the leading business-to-consumer and business-to-business content provider in the general business and economy sectors in the U.S. The newspaper implemented a successful pay-wall proposition that allows subscribers to access a database of unique and premium content that is unavailable from other publishers. Similarly, the Financial Times, the WSJ’s main rival, has reinforced its financial news capability to become a leading content producer in its home and international markets. In the MENA region, by contrast, a local news niche may prove more attractive. The other potential diversification areas include setting up a news agency, a journalism school, or content syndication. Leading publishing curator A leading publishing curator offers a unique user experience. This can involve extending the user experience to other verticals such as audiovisual, gaming, tourism and hospitality, social networks, and e-commerce, while focusing on serving specific target segments consistent with the brand identity. For example, the New York Times and the Guardian are extending their publishing capabilities toward a wide range of online portals and experiences including crosswords and gaming, online stores, social media, and education. Another example is Axel Springer AG’s creation of new digital properties targeting women. To position themselves as leading publishing curators, newsprint players should possess the differentiated capabilities to create new experiences that capture consumers’ time spent on media and entertainment. These experiences include publishing only exciting material along with convenient, new ways to access content with limited boundaries and hurdles (such as pay walls). Moreover, leading publishing curators should possess sophisticated capabilities in yield management to maximize the advertising value return on their traditional and digital assets. Typically, these capabilities are reflected through unique marketing and promotional plans. This is in contrast to the current position in which many publishers either have an excess of print advertising space or underutilize their digital properties. Their content propositions in turn require them to “push” content on their customers to maximize the return on assets. The other potential diversification areas include “verticalized” content websites (which focus on particular content categories such as health and nutrition, sports, business news, food and cooking, etc.), a local news TV station, educational publishing, and e-learning.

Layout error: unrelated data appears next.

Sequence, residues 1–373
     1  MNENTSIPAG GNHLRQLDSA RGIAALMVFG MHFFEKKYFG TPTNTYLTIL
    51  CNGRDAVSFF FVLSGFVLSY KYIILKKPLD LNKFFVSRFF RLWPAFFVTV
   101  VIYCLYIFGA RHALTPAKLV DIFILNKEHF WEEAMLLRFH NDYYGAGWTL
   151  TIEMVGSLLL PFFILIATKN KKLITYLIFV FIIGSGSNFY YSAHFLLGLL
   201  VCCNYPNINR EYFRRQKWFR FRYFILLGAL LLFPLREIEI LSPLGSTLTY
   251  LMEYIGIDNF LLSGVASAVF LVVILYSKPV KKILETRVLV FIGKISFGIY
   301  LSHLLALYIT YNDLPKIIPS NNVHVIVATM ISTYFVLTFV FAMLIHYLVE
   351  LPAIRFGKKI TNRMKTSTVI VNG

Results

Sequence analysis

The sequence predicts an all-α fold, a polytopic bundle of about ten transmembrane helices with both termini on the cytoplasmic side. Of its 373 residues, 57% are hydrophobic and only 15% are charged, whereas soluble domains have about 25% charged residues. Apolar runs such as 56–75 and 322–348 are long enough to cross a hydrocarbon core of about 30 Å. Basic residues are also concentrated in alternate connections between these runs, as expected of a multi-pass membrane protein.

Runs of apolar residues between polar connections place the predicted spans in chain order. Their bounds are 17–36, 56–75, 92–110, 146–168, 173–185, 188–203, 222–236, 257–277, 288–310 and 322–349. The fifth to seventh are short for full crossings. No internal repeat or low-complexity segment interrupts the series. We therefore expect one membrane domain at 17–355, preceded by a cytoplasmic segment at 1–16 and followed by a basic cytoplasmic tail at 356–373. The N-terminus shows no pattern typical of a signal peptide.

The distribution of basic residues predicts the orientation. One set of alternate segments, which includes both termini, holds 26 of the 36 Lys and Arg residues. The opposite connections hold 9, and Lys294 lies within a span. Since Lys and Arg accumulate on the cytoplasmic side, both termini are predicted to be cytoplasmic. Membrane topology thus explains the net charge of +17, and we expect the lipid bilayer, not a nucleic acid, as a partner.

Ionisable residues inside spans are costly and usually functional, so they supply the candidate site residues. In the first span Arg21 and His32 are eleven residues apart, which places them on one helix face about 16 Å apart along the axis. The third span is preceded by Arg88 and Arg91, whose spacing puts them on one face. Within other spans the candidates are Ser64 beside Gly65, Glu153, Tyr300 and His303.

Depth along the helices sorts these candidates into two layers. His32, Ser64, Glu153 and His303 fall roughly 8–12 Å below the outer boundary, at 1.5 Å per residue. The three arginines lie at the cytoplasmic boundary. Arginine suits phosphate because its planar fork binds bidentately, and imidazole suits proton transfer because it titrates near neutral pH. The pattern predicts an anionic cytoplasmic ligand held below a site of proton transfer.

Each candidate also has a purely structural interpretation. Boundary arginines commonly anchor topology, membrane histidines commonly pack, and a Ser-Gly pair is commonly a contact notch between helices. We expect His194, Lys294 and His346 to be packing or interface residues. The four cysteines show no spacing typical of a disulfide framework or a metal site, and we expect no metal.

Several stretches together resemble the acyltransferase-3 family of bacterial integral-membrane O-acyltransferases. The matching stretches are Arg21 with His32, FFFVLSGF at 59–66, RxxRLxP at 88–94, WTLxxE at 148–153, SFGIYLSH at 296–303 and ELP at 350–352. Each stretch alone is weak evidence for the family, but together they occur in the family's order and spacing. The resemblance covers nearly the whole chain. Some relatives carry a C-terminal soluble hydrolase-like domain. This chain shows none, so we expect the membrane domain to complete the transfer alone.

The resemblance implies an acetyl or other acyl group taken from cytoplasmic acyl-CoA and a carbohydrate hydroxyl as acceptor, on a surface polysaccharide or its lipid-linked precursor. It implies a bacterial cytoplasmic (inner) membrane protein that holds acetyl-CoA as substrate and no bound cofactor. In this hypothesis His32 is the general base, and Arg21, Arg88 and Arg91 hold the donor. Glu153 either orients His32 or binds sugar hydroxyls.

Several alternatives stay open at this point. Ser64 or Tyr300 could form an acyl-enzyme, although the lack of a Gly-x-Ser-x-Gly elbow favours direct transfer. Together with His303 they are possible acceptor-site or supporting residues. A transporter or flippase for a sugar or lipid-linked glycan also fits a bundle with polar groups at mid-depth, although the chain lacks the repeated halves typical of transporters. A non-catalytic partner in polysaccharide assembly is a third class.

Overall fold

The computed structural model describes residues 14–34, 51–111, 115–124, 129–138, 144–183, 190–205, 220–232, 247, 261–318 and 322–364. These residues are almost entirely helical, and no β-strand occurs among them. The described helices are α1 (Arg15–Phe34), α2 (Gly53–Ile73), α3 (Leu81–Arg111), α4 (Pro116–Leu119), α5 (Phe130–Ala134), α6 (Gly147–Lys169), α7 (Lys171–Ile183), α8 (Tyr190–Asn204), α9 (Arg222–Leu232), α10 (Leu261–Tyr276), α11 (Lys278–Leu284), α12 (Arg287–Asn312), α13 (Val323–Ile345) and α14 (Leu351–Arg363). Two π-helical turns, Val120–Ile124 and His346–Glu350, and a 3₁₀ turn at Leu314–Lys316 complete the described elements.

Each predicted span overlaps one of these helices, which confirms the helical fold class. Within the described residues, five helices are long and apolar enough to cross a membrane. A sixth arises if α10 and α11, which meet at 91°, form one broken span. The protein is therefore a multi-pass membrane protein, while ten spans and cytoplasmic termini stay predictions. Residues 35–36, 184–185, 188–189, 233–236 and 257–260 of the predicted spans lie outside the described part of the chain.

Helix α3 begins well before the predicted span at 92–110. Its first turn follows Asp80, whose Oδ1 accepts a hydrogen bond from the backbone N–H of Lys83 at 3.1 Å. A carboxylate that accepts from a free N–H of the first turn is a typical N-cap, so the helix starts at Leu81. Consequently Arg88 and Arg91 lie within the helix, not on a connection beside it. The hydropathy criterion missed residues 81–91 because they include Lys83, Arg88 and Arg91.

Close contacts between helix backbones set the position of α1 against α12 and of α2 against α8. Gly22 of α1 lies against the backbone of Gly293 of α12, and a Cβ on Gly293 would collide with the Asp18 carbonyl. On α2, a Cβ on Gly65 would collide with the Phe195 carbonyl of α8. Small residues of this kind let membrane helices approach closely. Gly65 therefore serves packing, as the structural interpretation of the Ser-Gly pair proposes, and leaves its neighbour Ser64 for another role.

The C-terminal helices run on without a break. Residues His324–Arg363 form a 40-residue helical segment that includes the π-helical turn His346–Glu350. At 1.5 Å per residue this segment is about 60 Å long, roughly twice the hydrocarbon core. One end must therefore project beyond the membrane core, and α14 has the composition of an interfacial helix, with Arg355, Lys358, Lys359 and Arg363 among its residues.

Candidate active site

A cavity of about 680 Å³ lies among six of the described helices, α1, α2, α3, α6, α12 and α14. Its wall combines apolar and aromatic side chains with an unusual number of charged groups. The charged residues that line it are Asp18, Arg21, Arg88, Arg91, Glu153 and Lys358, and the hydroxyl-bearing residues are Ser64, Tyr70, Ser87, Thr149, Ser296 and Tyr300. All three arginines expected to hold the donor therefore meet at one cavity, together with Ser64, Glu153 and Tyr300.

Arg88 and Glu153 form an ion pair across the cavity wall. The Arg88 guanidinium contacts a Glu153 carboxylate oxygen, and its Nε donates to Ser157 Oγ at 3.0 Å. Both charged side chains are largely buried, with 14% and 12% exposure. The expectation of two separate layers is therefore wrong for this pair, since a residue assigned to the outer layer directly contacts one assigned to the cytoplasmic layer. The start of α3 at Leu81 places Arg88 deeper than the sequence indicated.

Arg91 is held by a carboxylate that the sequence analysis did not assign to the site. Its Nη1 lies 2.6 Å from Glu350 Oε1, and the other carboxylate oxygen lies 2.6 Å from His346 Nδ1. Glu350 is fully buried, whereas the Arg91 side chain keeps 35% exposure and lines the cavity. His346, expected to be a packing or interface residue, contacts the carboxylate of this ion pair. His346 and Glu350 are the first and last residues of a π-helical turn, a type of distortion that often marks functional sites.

Dominant advertising sales provider Newsprint players that are dominant advertising sales providers are present across multiple media platforms, in digital and print. They exploit this capability to cross-sell advertising and gain further scale, meaning that growth is built into this position. Indeed, scale defines the success of this position, which demands unique capabilities in sales effectiveness including account planning, category penetration, and pricing strategy. Some newsprint players have developed extensive capabilities in advertising sales, choosing to maintain this strategic capability in-house. Other newsprint players have become dominant advertising sales providers by outsourcing their adverting sales capability to third parties, leading to the creation of a wide and multiplatform advertising sales network. Other potential diversification areas include third-party media representation or advertising network, outdoor advertising, or marketing services.